Also, be sure to properly consider how you dispose of your credit card statements as they could contain information that thieves could use to steal your identity. Many people use shredders to destroy credit card statements and old, inactive credit cards as they make it nearly impossible for identity thieves to glean any valuable info from someone’s trash.

If you want to be extra vigilant about preventing fraud make sure you sign up for alerts through your credit card’s online portal so that you’ll receive a text or email every time the card is used above a specific amount. Doing so will prevent a thief who already has used your card fraudulently once from going on an all-afternoon shopping spree and leaving you to sort out the mess.

Know the Rewards

More and more people are becoming increasingly aware of the benefits of credit card rewards, but the average credit card user hardly takes the time to do research on these rewards.

Anyone with an excellent credit score will tell you they spend hours calculating their personal spending habits and measuring them against the features of the card such as what the intro sign-up bonus is, what rewards cards give as far as perks, how many rewards points they’ll get per dollar spent, whether or not they can do a balance transfer, and even how much the annual fee counts against what they’re projected to spend annually.

If you want to understand the landscape of rewards cards, be sure to check out different credit card issuer pages to compare why you should get a travel rewards card from company A compared to company B. Everyone is different, and you’ll maximize the effectiveness of your rewards if you are thorough in your research.

Limit Hard Inquiries

Credit card users with excellent credit know how credit card companies typically frown upon too many inquiries in a specific time frame. A consistent pattern of applying for too many credit card offers signals to them that you may be having financial trouble, and they view you ask a risk to lend money to.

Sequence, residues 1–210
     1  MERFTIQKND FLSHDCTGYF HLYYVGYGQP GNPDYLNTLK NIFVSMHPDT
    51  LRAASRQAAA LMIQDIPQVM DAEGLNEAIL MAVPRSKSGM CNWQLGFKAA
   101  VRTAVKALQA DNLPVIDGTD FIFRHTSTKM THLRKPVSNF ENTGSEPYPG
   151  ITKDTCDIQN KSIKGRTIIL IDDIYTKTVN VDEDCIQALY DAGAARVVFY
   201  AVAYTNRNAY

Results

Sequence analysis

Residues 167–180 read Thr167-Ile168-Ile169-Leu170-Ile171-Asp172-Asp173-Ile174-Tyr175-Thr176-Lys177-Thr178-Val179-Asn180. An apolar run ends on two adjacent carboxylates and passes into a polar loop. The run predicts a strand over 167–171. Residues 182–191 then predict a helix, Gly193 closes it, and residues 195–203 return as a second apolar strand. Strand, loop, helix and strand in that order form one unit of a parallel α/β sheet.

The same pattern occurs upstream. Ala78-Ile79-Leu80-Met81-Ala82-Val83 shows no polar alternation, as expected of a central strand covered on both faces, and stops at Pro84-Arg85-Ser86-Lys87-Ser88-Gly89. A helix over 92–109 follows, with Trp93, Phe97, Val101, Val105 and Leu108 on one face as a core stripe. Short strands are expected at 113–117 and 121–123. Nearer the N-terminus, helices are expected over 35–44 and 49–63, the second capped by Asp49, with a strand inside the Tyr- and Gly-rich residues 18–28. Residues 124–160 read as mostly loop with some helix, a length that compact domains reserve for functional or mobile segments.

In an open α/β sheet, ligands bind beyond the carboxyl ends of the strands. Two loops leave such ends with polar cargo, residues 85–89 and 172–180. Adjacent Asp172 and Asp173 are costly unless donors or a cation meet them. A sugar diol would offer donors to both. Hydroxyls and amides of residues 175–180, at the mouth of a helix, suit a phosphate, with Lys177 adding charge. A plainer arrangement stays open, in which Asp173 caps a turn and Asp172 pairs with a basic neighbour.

If you want to apply for any card from Chase, you aren’t allowed to have opened five or more personal credit cards from all banks in the past 24 months. This 5/24 rule is specifically a rule from Chase, but other issuers will surely take notice if you try to apply for too many credit cards in such a short amount of time, and the frequency of how often you’ve applied for credit cards will be heavily considered.

Furthermore, it is estimated that each hard inquiry will subtract three to five points from your score.

Have an Emergency Fund

Having excellent credit also means having healthy personal finance habits and knowing how to strategically use credit cards. Getting an excellent credit score requires a plan and discipline, and the best way to ensure you don’t miss a credit card payment is to have an emergency fund to protect you against a medical or auto repair bill.

A substantial emergency fund will also make sure you won’t have to use credit cards to pay for any emergency bills, risk accruing interest over time, and potentially ruining the progress you’ve made increasing your credit score.

Related Article:  What Is the Average Credit Card APR?

About: Allan
Allan Guzman Chinchilla

Allan is the Managing Editor at In addition to leading a robust team of writers in the pursuit of thorough credit cards expertise, he is an avid fan of films, food, traveling, and Star Wars.